by Henry Lawson
While the Billy Boils (1896)
Camp Fire, Photographic Reproduction, Jan Hendrik Scheltema (1861-1941)
“This girl,” said Mitchell, continuing a yarn to his mate, “was about the ugliest girl I ever saw, except one, and I’ll tell you about her directly. The old man had a carpenter’s shop fixed up in a shed at the back of his house, and he used to work there pretty often, and sometimes I’d come over and yarn with him. One day I was sitting on the end of the bench, and the old man was working away, and Mary was standing there too, all three of us yarning — she mostly came poking round where I was if I happened to be on the premises — or at least I thought so — and we got yarning about getting married, and the old cove said he’d get married again if the old woman died.
“‘You get married again!’ said Mary. ‘Why, father, you wouldn’t get anyone to marry you — who’d have you?’
“‘Well,’ he said, ‘I bet I’ll get someone sooner than you, anyway. You don’t seem to be able to get anyone, and it’s pretty near time you thought of settlin’ down and gettin’ married. I wish someone would have you.’
“He hit her pretty hard there, but it served her right. She got as good as she gave. She looked at me and went all colours, and then she went back to her washtub.
“She was mighty quiet at tea-time — she seemed hurt a lot, and I began to feel sorry I’d laughed at the old man’s joke, for she was really a good, hard-working girl, and you couldn’t help liking her.
“So after tea I went out to her in the kitchen, where she was washing up, to try and cheer her up a bit. She’d scarcely speak at first, except to say ‘Yes’ or ‘No’, and kept her face turned away from me; and I could see that she’d been crying. I began to feel sorry for her and mad at the old man, and I started to comfort her. But I didn’t go the right way to work about it. I told her that she mustn’t take any notice of the old cove, as he didn’t mean half he said. But she seemed to take it harder than ever, and at last I got so sorry for her that I told her that I’d have her if she’d have me.”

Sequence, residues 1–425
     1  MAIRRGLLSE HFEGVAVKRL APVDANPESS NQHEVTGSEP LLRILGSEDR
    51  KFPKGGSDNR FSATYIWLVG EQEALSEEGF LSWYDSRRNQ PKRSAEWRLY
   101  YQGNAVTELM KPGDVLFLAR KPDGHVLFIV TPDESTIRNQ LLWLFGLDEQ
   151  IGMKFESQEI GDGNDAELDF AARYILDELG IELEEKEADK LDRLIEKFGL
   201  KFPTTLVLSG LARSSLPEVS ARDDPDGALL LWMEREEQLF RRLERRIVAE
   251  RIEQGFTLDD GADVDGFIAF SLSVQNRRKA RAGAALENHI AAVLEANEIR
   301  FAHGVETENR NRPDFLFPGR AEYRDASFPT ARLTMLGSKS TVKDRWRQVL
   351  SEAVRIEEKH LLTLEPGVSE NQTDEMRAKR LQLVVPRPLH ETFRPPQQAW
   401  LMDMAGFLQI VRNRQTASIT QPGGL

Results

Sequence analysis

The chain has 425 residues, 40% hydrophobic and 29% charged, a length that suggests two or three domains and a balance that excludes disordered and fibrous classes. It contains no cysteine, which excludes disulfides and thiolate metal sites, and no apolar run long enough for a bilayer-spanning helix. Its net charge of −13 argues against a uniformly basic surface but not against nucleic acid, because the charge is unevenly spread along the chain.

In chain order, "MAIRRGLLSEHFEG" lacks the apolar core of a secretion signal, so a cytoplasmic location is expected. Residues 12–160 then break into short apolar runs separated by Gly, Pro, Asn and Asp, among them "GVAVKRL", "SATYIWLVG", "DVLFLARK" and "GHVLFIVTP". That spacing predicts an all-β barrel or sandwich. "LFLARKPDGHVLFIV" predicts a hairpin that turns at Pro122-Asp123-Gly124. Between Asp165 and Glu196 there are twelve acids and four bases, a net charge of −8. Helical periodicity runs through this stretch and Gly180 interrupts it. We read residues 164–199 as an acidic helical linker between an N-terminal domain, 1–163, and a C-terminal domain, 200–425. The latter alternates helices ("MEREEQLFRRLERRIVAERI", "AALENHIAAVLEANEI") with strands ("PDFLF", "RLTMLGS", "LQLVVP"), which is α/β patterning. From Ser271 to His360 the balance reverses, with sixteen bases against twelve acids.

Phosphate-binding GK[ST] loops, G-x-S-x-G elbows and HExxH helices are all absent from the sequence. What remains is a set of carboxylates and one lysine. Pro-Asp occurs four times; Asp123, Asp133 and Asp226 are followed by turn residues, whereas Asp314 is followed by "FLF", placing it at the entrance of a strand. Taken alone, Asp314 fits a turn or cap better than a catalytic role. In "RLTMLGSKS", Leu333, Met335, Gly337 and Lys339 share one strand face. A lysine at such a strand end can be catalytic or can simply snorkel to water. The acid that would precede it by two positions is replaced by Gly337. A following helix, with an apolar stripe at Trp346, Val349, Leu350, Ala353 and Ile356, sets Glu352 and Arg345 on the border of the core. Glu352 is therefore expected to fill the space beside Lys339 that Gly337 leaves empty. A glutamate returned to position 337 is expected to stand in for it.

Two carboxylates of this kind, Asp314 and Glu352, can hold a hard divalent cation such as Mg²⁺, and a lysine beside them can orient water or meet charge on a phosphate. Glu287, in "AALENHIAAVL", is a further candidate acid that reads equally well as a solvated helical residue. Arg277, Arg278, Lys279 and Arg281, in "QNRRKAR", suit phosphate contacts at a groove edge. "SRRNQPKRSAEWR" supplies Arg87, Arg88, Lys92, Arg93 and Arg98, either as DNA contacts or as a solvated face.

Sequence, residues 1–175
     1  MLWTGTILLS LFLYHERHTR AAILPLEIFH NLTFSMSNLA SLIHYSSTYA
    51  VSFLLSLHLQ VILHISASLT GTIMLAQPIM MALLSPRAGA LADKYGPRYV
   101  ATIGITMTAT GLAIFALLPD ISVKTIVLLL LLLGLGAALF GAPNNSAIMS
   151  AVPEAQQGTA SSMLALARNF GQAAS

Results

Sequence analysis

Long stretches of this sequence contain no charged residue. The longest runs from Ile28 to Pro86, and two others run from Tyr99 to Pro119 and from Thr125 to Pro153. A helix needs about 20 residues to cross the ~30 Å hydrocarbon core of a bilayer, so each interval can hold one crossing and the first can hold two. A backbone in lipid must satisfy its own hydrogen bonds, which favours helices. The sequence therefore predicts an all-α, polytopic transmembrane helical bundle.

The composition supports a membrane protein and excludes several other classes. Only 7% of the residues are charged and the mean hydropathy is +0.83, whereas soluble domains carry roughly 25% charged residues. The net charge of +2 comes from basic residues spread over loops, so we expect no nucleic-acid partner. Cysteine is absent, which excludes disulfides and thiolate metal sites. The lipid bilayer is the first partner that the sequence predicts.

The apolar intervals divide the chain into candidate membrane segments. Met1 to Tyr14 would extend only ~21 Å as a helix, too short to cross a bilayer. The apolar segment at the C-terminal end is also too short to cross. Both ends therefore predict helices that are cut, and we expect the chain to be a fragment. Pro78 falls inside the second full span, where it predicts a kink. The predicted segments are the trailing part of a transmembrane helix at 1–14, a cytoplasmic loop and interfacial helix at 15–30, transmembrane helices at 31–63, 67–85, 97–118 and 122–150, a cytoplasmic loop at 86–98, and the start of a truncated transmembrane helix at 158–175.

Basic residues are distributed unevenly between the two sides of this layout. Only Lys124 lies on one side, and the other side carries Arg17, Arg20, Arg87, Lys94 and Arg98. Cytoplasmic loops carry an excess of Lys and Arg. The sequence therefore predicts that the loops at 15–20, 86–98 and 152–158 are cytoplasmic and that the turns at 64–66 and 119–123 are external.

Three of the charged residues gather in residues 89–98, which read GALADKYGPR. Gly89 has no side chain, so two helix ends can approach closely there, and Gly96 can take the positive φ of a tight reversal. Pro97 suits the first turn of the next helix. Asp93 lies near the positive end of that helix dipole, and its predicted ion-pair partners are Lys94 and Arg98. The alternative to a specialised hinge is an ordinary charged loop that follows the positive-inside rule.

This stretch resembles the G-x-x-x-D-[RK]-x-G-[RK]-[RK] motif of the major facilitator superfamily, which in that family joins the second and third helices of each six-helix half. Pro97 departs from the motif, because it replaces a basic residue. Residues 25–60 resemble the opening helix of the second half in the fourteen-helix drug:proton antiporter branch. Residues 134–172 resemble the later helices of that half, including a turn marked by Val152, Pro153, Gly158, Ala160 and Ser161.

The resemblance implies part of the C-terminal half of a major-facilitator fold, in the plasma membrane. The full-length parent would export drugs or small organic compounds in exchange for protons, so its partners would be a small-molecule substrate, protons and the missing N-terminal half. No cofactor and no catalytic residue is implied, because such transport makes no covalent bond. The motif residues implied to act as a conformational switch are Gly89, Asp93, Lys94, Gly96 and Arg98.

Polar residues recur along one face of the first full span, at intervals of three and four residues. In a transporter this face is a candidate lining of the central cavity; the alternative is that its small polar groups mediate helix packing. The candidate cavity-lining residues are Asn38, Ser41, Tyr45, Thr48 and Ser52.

“And what did she say?” asked Mitchell’s mate, after a pause.
“She said she wouldn’t have me at any price!”
The mate laughed, and Mitchell grinned his quiet grin.
“Well, this set me thinking,” he continued. “I always knew I was a dashed ugly cove, and I began to wonder whether any girl would really have me; and I kept on it till at last I made up my mind to find out and settle the matter for good — or bad.
“There was another farmer’s daughter living close by, and I met her pretty often coming home from work, and sometimes I had a yarn with her. She was plain, and no mistake: Mary was a Venus alongside of her. She had feet like a Lascar, and hands about ten sizes too large for her, and a face like that camel — only red; she walked like a camel, too. She looked like a ladder with a dress on, and she didn’t know a great A from a corner cupboard.
“Well, one evening I met her at the sliprails, and presently I asked her, for a joke, if she’d marry me. Mind you, I never wanted to marry her; I was only curious to know whether any girl would have me.
“She turned away her face and seemed to hesitate, and I was just turning away and beginning to think I was a dashed hopeless case, when all of a sudden she fell up against me and said she’d be my wife. . . . And it wasn’t her fault that she wasn’t.”
“What did she do?”
“Do! What didn’t she do? Next day she went down to our place when I was at work, and hugged and kissed mother and the girls all round, and cried, and told mother that she’d try and be a dutiful daughter to her. Good Lord! You should have seen the old woman and the girls when I came home.